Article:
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Investing In Colombia III The Cafetero
When one considers investing in Latin America and investing in Colombia in particular the famous words of Baron Rothschild come to mind. This 18th century investor and banker is credited with saying that “The time to buy [stocks] is when there is blood in the streets.” He was talking about 18th century wars and rebellions but his words are pertinent in the New World today. Specifically, Colombia is coming out of a half century long rebellion and many investors have not yet caught on. This is the third of a four part series about Investing in Colombia. We will deal briefly with the history of the Colombian Civil War and then look at investment opportunities in the coffee heartland of Colombia.
The Colombian Civil War
The current Colombian civil war has lasted from the mid 1960’s to the present. Rebels say they are fighting for the rights of the Colombian poor. The primary rebel group is FARC (Fuerzas Armadas Revolucionarias de Colombia). The rebels primarily have occupied remote areas of the jungle, especially in the Amazon Basin with occasional forrays into the cities. An increasingly aggressive campaign by the Colombian government has driven FARC from the cities and forced them to cross borders into Venezuela, Ecuador, and Panama in search of sanctuary. Despite the claim that FARC simply wants to improve the lot of poor Colombians they have been tied to drug trafficking. Many Colombian families can name a member of two who were assassinated by FARC for opposing extortion efforts by the rebels. On the other hand government allied paramilitary forces fighting FARC are also accused of drug trafficking and terrorism. The good news is that the conflict is settling down and Colombian Peace Talks have begun. The time has come for investing in Colombia.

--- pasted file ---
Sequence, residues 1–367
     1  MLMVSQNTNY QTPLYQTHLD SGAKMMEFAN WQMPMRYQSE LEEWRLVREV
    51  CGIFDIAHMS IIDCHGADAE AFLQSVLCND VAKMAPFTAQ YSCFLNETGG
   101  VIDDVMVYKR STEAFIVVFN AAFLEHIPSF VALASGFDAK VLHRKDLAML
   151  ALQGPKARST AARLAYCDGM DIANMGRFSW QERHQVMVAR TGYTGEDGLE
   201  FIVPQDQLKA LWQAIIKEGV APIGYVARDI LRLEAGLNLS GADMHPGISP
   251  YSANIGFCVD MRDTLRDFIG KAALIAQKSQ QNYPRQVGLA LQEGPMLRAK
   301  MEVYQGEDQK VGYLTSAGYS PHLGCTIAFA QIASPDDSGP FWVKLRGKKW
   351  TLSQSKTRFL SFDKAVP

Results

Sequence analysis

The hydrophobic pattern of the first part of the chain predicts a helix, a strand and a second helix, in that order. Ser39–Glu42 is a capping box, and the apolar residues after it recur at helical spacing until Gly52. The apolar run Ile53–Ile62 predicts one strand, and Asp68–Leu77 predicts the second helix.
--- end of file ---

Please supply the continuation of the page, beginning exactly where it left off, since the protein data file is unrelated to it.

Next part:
The Best Coffee in the World
The Cafetero is the coffee growing region in Colombia. It lies to the West of the Andes and includes the cities of Pereira, Armenia, Manizales, and Medellín. The region comprises only a little over one percent of Colombia and just over two million people. Colombia is the third leading exporter of coffee in the world. It is the second leading exporter of Arabica coffee, generally considered to the best coffee. Most coffee lovers also consider that Colombian coffee, sip per sip, is better than Arabica coffee from Brazil, the world’s leading exporter by bulk. Because of coffee production this region has reasonable economic strength but it is certainly not an industrial region. On the other hand cities like Pereira at 3000 feet are in the Latin American “land of eternal spring.” That is to say, the temperature never drops below about 60 degrees Fahrenheit at night and rarely above 85 degrees during the day.
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